Varun Ram

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Varun Ram
Personal information
Born (1992-12-16) December 16, 1992 (age 25)
Nationality American
Listed height 5 ft 9 in (1.75 m)
Listed weight 155 lb (70 kg)
Career information
High school River Hill (Clarksville, Maryland)
College
NBA draft 2016 / Undrafted
Position Guard

Varun Ram Ramasamy[1] (born December 16, 1992) is an American basketball player who played for the Maryland Terrapins. He is one of the few players in the NCAA of Indian descent.[2] Ram previously competed for Trinity College and River Hill High School.[3]

Collegiate career[edit]

Senior[edit]

On March 20, 2015 in his first NCAA Men's Division I Basketball Tournament appearance, Ram made a key play in the final seconds of a second round game against Valparaiso. Crusaders guard Tevonn Walker made a free throw with one minute remaining in the second half, making the score 65–62 in Maryland's favor. Following a missed opportunity to close the game from Dez Wells, Valparaiso's Keith Carter attempted to take the final three-point shot and a potential game-tying field goal with a second left in regulation.[4] However, Ram, who was primarily guarding him, smacked the ball away.[5][6] He said after the game, "I've been envisioning this my whole life. And being able to actually do it, for it to happen, is amazing. I feel like it's a dream come true. A game of this magnitude, it's unbelievable."[7] Terrapins head coach Mark Turgeon remarked that Ram was one of his top five defenders and he had confidence in him. He did not accumulate any statistics throughout the contest, though, because Evan Smotrycz was given credit for the steal.[7]

Personal[edit]

Ram is the son of Kolandavel and Santhini Ramasamy. He is a Tamil and his parents were born and brought up in Tamil Nadu a state in the Southern part of India. Tamil is their mother tongue. They migrated in the late 80s to find a job, have a better standard of living, and support their family back in the motherland. His sister, Anita, formerly attended Johns Hopkins University and currently goes there for medical school.[3] Varun has been considered the Maryland basketball team's smartest player, with a 3.99 grade-point average in neurology and physiology. Varun wants to go medical school ultimately, but after he graduates UMD, he wants to work in Medical consulting. He was also thinking of playing basketball for an overseas professional team or the Indian National team (unfortunately at this point however he is ineligible).

In addition, Ram is a two-year volunteer coaching fellow with Crossover Basketball and Scholars Academy (www.crossover-india.org); an organization committed to impacting education rates in India (Chennai at this time) through the use of basketball as a vehicle of change and imparting the skills of leadership, character, teamwork, and communication.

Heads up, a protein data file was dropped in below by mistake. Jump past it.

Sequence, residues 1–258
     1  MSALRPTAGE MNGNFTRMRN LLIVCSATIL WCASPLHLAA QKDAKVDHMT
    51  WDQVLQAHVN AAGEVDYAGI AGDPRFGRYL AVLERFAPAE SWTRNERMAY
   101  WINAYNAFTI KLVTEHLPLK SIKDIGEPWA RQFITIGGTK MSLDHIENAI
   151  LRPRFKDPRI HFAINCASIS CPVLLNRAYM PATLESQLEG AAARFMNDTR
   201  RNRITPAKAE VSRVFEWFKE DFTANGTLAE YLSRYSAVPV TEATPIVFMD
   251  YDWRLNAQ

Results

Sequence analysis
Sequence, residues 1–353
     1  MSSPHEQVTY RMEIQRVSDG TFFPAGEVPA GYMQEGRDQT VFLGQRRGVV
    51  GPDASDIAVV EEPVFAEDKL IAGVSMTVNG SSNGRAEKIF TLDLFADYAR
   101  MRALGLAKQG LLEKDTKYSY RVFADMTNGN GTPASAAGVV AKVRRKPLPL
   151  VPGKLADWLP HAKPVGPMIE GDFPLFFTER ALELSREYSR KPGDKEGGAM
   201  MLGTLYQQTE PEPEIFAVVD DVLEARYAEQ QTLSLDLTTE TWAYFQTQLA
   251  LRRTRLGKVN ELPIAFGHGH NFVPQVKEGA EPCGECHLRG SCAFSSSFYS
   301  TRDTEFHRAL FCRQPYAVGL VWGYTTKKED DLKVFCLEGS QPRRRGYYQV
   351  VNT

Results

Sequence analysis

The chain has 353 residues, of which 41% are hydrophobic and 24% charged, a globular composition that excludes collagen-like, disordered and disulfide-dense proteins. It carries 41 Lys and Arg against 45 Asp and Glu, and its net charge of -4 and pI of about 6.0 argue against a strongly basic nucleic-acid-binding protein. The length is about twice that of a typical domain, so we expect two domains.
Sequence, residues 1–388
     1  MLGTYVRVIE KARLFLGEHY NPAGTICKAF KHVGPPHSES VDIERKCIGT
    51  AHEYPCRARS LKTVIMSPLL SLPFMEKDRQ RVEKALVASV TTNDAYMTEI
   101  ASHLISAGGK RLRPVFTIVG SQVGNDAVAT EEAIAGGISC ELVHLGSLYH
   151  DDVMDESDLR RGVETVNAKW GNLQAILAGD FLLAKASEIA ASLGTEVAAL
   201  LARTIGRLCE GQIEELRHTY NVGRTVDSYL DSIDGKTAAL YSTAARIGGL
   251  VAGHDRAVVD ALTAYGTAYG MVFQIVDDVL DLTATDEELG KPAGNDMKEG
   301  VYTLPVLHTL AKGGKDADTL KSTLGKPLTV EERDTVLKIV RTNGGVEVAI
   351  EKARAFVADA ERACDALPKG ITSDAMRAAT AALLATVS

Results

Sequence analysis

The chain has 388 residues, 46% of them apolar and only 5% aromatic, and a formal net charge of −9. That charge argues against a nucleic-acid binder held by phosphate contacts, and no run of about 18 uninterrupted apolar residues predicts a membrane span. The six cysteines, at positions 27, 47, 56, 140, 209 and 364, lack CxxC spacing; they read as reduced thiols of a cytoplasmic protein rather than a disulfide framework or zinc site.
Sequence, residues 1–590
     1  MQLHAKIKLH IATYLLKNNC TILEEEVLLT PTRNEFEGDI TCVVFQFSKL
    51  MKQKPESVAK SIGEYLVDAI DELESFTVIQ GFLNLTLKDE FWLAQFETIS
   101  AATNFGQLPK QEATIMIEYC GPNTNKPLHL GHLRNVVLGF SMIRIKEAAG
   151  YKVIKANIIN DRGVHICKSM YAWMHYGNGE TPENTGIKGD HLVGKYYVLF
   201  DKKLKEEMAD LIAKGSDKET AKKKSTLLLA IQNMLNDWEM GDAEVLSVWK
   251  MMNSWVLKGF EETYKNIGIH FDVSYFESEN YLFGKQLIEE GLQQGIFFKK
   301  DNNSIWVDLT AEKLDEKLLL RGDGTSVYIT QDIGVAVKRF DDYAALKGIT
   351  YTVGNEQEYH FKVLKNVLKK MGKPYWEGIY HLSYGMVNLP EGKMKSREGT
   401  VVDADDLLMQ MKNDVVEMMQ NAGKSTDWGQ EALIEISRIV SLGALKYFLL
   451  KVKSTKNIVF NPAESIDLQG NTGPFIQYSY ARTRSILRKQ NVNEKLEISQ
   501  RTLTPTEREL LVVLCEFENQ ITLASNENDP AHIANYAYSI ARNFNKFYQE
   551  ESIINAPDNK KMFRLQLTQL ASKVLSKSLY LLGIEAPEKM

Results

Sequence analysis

In his free time he enjoys hanging out with his friends, family and spends time with his Tamil family friends and the big Tamil community in Maryland and all over America. Regarding his Tamil culture, he is also a very active participant and organizer in FeTNA, the Federation of Tamil Sangams of North America and the Tamil Sangam of Greater Washington. These are Tamil cultural conventions for Tamil Americans to keep in touch with their Tamil culture since they cannot travel to Tamil Nadu, India all the time. Varun will go to medical school.[8] Teammate Melo Trimble said, "Varun, he's probably the smartest guy on the team."[5]

References[edit]

  1. ^ "Varun Ram is a star both on and off the court". Ekalavyas.com. Retrieved 21 March 2015. 
  2. ^ Sullivan, Greg. "'They ask, who is this kid?': Varun Ram on life as an Indian basketball player". The Guardian. Retrieved 21 March 2015. 
  3. ^ a b "Varun Ram Biography". UMTerps.com. Retrieved 21 March 2015. 
  4. ^ "2nd Half Play-By-Play". ESPN. Retrieved 22 March 2015. 
  5. ^ a b Tucker, Dave. "NCAA Tournament 2015: Varun Ram makes key play to secure Maryland's win against Valparaiso". TestudoTimes.com. Retrieved 21 March 2015. 
  6. ^ "Fourth-seeded Maryland holds off 13-seed Valparaiso on late strip". ESPN. Associated Press. Retrieved 22 March 2015. 
  7. ^ a b Ward, Austin. "Maryland's Varun Ram leaves a legacy in 13 seconds". ESPN. Retrieved 22 March 2015. 
  8. ^ "Maryland's Varun Ram can defend anything". ESPN. Retrieved 22 March 2015.